2011 June 09 Thursday
Eric Robert Morse Juggernaut: Decentralization Needed?

While reading Amazon reviews of David Mamet's The Secret Knowledge: On the Dismantling of American Culture (about a very successful liberal playwright's turn to the right) I came across an enthusiastic recommendation for Juggernaut: Why The System Crushes The Only People Who Can Save It By Eric Robert Morse. From the book description:

By now, everyone recognizes the severity of the 2007-08 financial crisis. But, to many Americans, the bailouts, stimulus packages, and regulatory schemes aimed at solving the problem seemed to merely pull the economy further into the mire of bureaucracy, party politics, and unsustainable debt that led to the crisis in the first place. Only the bankers and officials who caused the problem were in a position to solve it, and so fixing the system necessarily meant becoming part of it--and thus making it even harder to fix. This is the crux of the Juggernaut.

The bankers do not want a fundamental fix because that would cut the size of their banks and restrict their risk-taking with the public dime. No objective and yet competent people can possibly become influential in trying to reform the financial system. Many forces are arrayed against a sound banking system.

Is the Federal Reserve trying to manage an uncontrollable system that is going more berserk?

A sprawling, uncontrollable system that only grows larger and more berserk the more we try to quell it, the Juggernaut has become a way of life. It is not, as many would suggest, a product of the last ten or even thirty years. Rather, it is inherent in the system itself, with roots that reach as far back as Columbus and the dawn of modern times.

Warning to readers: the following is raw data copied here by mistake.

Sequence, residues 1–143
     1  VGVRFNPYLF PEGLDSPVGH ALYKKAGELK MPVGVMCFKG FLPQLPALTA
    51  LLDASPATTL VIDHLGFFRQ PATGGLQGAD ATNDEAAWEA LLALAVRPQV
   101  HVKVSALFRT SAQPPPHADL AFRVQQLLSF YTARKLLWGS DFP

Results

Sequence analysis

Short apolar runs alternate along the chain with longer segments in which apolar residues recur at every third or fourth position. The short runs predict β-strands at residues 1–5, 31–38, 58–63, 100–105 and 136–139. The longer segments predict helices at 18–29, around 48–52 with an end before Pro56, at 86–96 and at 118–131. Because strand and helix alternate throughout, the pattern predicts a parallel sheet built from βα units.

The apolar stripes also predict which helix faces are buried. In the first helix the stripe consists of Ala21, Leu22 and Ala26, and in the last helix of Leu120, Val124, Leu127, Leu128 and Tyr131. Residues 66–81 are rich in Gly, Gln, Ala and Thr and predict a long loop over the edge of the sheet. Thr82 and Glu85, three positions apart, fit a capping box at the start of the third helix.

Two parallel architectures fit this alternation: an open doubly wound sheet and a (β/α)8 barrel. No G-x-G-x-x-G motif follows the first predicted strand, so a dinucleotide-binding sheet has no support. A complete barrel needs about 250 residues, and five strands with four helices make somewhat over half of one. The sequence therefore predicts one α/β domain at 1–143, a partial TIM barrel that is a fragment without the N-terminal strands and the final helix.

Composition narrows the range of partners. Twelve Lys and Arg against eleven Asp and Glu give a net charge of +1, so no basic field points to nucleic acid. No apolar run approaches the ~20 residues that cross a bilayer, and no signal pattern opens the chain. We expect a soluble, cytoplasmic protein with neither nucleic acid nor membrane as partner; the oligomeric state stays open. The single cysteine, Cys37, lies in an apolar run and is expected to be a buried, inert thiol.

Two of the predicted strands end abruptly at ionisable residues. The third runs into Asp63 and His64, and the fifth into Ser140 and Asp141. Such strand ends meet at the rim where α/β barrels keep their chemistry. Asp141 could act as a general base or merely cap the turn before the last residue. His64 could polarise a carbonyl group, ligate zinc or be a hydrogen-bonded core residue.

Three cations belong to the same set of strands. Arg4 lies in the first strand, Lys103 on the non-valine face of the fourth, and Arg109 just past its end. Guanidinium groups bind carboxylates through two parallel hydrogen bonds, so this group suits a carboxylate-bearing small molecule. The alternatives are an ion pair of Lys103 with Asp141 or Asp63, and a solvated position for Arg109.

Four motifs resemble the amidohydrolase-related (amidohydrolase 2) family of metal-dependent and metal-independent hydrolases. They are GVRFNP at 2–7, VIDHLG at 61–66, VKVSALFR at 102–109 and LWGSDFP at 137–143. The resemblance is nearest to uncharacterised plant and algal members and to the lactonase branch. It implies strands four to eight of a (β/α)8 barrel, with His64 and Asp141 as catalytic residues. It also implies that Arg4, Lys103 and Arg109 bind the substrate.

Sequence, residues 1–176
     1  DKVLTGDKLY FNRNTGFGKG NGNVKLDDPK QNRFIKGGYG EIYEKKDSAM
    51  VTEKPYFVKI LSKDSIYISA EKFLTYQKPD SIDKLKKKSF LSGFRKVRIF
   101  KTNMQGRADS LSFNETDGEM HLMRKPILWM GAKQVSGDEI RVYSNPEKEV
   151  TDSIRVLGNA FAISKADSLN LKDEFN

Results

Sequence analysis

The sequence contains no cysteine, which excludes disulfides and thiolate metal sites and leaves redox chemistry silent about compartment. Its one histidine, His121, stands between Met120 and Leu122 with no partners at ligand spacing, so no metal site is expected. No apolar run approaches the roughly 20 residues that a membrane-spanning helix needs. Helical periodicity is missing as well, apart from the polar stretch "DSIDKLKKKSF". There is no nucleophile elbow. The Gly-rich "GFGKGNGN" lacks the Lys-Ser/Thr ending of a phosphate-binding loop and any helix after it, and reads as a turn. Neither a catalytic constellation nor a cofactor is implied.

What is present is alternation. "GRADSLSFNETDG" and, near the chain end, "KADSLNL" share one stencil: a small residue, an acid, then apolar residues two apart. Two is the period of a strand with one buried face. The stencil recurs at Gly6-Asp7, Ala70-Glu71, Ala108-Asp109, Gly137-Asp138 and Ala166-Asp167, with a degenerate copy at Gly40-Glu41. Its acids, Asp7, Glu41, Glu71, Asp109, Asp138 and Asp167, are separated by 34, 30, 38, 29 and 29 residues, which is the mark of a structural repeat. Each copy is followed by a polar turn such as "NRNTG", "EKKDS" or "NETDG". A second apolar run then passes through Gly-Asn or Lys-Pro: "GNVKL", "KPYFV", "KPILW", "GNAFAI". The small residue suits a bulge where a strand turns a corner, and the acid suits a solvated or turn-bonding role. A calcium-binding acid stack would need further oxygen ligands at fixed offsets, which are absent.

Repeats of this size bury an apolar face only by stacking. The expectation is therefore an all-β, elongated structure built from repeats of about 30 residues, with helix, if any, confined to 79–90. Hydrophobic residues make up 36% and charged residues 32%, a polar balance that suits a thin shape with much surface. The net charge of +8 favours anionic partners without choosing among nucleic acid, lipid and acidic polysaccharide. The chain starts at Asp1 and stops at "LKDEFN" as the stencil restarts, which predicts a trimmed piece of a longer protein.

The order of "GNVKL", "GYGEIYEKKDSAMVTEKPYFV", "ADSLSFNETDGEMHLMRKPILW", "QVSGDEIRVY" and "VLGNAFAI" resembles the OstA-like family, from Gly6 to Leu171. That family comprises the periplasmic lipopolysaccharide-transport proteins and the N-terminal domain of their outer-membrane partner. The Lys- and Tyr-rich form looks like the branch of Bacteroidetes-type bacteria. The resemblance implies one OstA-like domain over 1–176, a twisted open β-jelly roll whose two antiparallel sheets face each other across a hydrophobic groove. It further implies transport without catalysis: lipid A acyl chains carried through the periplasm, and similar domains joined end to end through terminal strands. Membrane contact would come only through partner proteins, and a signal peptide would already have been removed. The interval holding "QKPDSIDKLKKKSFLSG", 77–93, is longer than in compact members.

The writer sounds like he draws a great deal from the Austrian school of economics and also from public choice theory. But the web site for the book presents an interesting twist on what the book's about. Note the reference to the closing of the frontier and our inability to escape from a huge web of interdependencies. The Thesis of Juggernaut:

The modern system is based on alternatives. Private property, free enterprise, specialism, industry, cooperation, and all other central aspects of the modern politico-economic system are based in the ability for the participants to reject the system and make do somewhere else. Since the close of the frontier around 1890, those alternatives have become increasingly difficult to secure since it has become increasingly difficult to reject the system and move somewhere else.

Even after the frontier closed there was a sort of afterglow of its effects on American culture. The country was still sparsely populated and the beliefs the frontier engendered made Americans more independent of mind and less inclined to see government, especially federal government, as a major force in their lives. But the afterglow is fading and the world is becoming a smaller place. It is hard to get away from it all.

As a result, growing interdependency has given larger authority to those in power. Those in power are granted wider freedoms in their rule, and everyone else must acquiesce or attempt to gain positions of power to survive. As the close hardens, society sheds its free and democratic characteristics and takes on a more hierarchic or statist appearance.

The Patriot Act, anyone? Security threats emanating from abroad (or from immigrants whose religious beliefs are incompatible with a free society) get used to justify more power for central governments and more cooperation between governments to monitor and control people. Also, as governments become more powerful they attract more of the ambitious. The ambitious naturally want to make government more powerful so they can do more things from their positions of power. Seems like a vicious cycle.

Morse proposes decentralization as a solution. But aren't the same historical forces that have brought us to this point bound to keep us going even further toward centralization?

The only way to reverse this trend is to open alternatives by localizing power, denationalizing the economy, and increasing self-sufficiency.